Concussion, Recovery and Return to Play Process

Discover insights into concussion management and the recovery process for athletes.
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Both on a sports field & in clinics, physiotherapists are increasingly tasked with assessing & developing rehabilitation programmes for concussion. Once assumed to be a short-lived transient injury, it is now becoming clear that the effects of concussion (and particularly repeated concussions) likely extend beyond the short term. An increasing body of evidence suggests that following a concussion, athletes possess a higher risk of sustaining both subsequent concussions and musculoskeletal injuries in the medium term. 

Additionally, emerging evidence shows that there may be potential long-term impacts of repeated injuries on cognitive function, mental health and the development of neurological conditions).

Acute Injury Care

The current clinical standard for the management of sports related concussion involves the identification of the signs of concussion, and where appropriate, an on-field triage evaluation to assess the player’s symptoms, orientation and evaluate if any red-flags are present. If a concussion is suspected, the player is removed from play and the on-field assessment is typically followed-up in the medical room with a clinical exam.

As mentioned above, as there are no gold-standard ‘objective’ markers of concussion, this examination is supported by various assessments to evaluate the athletes functional deficits, including clinical symptoms, sensorimotor function (balance, coordination and reaction time) Sports Concussion Assessment Tool (SCAT-5).

Recovery and Return to Play Process 

The traditional model of concussion recovery evaluation is centred around a process called the graduated return-to-play (GRTP) protocol. The GRTP is a phased process whereby after becoming asymptomatic at rest, athletes progress through six-steps which involves the gradual re- introduction of asymptomatic physical and skill-based activities. This means that the return to play of athletes is simply dictated by the length of time since the injury and the athlete reporting no symptoms.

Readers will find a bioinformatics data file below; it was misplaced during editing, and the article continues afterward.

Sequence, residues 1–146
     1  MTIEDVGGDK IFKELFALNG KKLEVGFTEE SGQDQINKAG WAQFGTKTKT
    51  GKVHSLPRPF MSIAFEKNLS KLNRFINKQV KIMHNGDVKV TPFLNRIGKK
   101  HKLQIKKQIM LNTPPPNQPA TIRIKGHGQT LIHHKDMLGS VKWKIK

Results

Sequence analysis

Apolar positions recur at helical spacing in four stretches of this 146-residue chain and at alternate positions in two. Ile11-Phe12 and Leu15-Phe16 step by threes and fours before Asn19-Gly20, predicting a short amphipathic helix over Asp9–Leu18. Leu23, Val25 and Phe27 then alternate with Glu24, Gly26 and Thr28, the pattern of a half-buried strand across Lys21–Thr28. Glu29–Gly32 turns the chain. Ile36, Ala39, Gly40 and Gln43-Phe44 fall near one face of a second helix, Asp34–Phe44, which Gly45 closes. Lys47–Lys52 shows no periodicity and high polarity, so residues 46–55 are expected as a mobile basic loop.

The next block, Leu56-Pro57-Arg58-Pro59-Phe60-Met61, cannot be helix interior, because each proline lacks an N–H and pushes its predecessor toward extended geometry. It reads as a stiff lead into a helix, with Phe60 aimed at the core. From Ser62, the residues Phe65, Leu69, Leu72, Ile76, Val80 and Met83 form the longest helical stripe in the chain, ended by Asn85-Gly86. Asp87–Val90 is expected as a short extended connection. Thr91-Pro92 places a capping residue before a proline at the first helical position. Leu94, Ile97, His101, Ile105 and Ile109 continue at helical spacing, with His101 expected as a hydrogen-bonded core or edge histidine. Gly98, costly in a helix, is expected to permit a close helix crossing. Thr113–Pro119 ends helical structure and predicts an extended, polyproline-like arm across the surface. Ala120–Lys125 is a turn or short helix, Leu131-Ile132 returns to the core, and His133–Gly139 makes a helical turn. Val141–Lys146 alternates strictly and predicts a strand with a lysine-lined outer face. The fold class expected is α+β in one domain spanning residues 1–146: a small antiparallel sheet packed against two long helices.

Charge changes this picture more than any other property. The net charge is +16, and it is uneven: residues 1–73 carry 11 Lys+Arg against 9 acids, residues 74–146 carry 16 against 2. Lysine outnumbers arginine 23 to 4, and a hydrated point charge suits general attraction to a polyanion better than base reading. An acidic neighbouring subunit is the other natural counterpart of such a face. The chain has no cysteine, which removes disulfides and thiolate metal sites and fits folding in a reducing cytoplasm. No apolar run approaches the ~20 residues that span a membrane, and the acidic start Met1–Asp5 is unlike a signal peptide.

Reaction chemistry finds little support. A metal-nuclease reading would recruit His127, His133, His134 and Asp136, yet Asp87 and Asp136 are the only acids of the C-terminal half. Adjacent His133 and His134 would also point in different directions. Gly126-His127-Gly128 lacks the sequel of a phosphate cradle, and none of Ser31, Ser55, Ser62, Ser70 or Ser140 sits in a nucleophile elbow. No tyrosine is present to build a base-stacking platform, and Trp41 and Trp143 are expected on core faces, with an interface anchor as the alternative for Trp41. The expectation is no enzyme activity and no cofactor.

Despite athletes’ symptoms typically resolving within a matter of days, there is a growing body of evidence suggesting that the consequences of  concussion likely extend beyond this "clinical recovery". It is now known with a high level of certainty that athletes who have sustained more than one previous concussion are at a heightened risk of sustaining future concussions). Furthermore, athletes who have sustained a concussion, are more likely to sustain a future musculoskeletal injury following return to play. Emerging evidence has shown that the association may be related to the presence of subtle sensorimotor and neurocognitive deficits which persist beyond the resolution of the traditional signs and symptoms of concussion. What’s more is these defects are not detected by traditional clinical assessment batteries, such as the SCAT5. In other words, disturbances in the way the brain processes its environment and controls the body’s movements likely persist beyond the point at which  an individual notices that obvious symptoms (headaches, dizziness, fatigue etc.) have resolved. 

Over the last few years, research has focused on attempting to understand this relationship and develop clinical tools for the objective evaluation of sensorimotor control, that can be used by the average practitioner and athlete. To do so, inertial sensor technology (such as the Output Sports system) can be used. 

This approach can provide the objectivity and sensitivity of laboratory based systems, while ensuring that the developed tools can be used accessibly across a range of sporting environments.

Learn more about how Output can be an essential tool Sports Physio & Rehab Guide here!

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